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How To Choose A Suitable Forex Broker

Updated on December 13, 2013

Understanding The Play On Words

As mentioned earlier, there are many terms and acronyms associated with brokers. Some mentioned earlier are ECN, NDD, STP, and MM, but it really isn't important to know what these terms mean. Instead, these are simply advertising techniques brokers use to get you into thinking that their service is better than the competitor.


Here's an analogy that will shed some light. Imagine you want to buy a car. Dealership A offers sports cars that can go 0 to 100 in 2.3 seconds, but, in exchange, they are huge gas guzzlers. Meanwhile, Dealership B offers economical hybrids that have amazing mileage, but does not share the same performance weighted features as in Dealership A. Is one dealership better than the other? The answer is no. In fact, it really depends on which type of car you want. To you care more for speed or do you care more for gas consumption?

This also applies for FOREX brokers as well. Some brokers may offer you an STP/NDD execution, while another one will give you fixed spreads, also known as a market maker (MM). Which one do you go for? Just like with cars, traders go with a broker that suits their trading style. Is it possible to state that these terms are pure marketing shams and don't mean anything in terms of order execution and trading? The answer is also no. While it does seem contradictory right now, this section is to get the first time trader aware of these terms and how to differentiate them. In the next section, these terms will be explained in greater detail. As for now, keep in mind that when brokers advertise with one of these terms, they only apply to you if it is compatible with your trading style. Just like in a dealership, a car's feature doesn't make it better than another car. It's just different and whether or not it suits the driver.

Understanding The Terms - Types of Brokers

In this section, we will focus on the terms defining the two types of brokerages.

To start off with, there are two types of brokers. Rather than just defining the two terms, it makes more sense to understand how these two brokers work. The first type of broker is known as a 'Market Maker', commonly referred to as 'MM'. Market maker earn money by taking the opposite side of a trader's order. If I were to sell, who do I sell it to? Who is going to buy it? An exchange always happens between two parties. As a result, the broker is going to act as the other party. In order not to confuse you, we will not be using the currency pairs and the volume sizes. This has more to do with trading rather than defining brokers. As mentioned before, market makers earn money by taking your trade. This means that when you sell, the market maker will buy whatever you're selling. When you buy, the market maker will sell whatever you want to buy. At the end of the day, when you make money, the broker loses money. When you lose money, brokers make money.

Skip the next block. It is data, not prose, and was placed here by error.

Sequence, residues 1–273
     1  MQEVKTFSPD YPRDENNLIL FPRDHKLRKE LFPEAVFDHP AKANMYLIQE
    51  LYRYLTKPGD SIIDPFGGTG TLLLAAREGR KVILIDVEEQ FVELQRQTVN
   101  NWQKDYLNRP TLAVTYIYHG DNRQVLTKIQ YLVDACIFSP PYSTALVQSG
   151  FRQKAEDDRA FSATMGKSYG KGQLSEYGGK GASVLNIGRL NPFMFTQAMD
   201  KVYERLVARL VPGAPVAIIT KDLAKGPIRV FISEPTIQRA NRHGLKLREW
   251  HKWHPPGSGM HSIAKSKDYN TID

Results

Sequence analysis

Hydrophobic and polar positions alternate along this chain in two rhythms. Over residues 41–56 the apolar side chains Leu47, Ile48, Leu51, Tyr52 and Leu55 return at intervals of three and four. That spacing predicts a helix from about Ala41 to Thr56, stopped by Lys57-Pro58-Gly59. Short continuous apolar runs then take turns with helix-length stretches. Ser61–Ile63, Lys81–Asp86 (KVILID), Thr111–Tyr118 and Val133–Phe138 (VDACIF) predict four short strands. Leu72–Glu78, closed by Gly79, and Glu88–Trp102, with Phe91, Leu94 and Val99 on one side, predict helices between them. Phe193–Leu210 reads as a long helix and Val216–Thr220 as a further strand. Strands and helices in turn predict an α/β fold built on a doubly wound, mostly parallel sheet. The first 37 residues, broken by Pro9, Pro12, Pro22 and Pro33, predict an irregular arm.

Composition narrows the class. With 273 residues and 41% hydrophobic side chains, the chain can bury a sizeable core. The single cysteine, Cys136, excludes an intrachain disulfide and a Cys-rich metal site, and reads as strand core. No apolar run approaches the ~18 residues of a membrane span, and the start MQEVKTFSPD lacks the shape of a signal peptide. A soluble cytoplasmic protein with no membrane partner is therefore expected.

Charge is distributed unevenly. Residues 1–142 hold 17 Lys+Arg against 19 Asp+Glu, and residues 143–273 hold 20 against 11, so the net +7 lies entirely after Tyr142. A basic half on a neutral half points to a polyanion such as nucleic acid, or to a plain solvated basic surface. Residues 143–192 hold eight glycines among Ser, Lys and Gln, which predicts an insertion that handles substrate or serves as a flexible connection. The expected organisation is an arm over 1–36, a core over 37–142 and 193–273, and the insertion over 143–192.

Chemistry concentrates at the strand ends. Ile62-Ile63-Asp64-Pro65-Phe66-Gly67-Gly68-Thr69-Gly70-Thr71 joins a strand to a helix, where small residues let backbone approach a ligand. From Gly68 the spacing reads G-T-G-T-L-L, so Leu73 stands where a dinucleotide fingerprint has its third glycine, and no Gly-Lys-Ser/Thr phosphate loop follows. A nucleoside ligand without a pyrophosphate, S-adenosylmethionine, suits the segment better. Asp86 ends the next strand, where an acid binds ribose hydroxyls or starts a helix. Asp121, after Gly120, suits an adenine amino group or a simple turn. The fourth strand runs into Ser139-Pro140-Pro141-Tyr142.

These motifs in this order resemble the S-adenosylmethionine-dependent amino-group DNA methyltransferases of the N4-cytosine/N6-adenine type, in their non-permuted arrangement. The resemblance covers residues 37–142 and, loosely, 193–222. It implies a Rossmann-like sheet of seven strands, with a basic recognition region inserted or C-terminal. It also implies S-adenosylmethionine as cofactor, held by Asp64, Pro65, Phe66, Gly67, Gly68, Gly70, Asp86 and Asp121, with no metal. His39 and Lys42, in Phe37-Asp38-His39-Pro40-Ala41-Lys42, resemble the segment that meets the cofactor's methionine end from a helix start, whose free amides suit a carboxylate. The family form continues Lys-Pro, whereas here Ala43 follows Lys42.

The second type of broker is known as an 'Electronic Communications Network', commonly referred to as 'ECN'. Back to the concept of exchanging, two parties must be involved. When there is a seller, the transaction can only be successful when there is a buyer. Similarly, when there is a buyer, the transaction can only be successful only if there is someone willing to sell. However, with an ECN brokerage, the broker does not take the other side of your trade. Instead, your trade gets passed off into a pool where the broker attempts to match make individuals. Think of this as a dating site where you fill out your profile and the system will find you a suitable mate based on that profile. In this case, your order is your profile and the broker is just responsible for finding someone willing to take the other side of your order. What does this mean exactly? If you want to sell, who do you sell it to? You can go hunt for a buyer yourself, but where would you go? You need connections and the broker has those connections so instead of trying to find a buyer for whatever you want sold, the broker will do that. When every trader comes to a broker, it becomes very efficient to process orders. Again, at the end of the day, when you make money, the other trader loses money. When you lose money, the other trader makes money. This time, the broker doesn't make any money from the trades. So how do they stay profitable? This is where there is a concept of commissions. Brokerages will charge a commission, a fee, for processing your trade. In contrast to the market maker where there are no commissions, ECN brokers do have commissions. This is a very small fee traders have to pay on a per order basis. This isn't a membership fee nor a payment to place 10 trades. Every time you place a trade, you will be deducted a fee. Do not worry, this will be clearly visible under the commission section of your trading terminal.

*You may have read forum posts and other articles featuring other traders promoting ECN brokers rather than market makers. This is due to a gray area in corporate practices leading to scamming profitable clients as when clients make money, the broker loses money. This will be clarified later on and tips will be provided to avoiding brokers involved in such practices.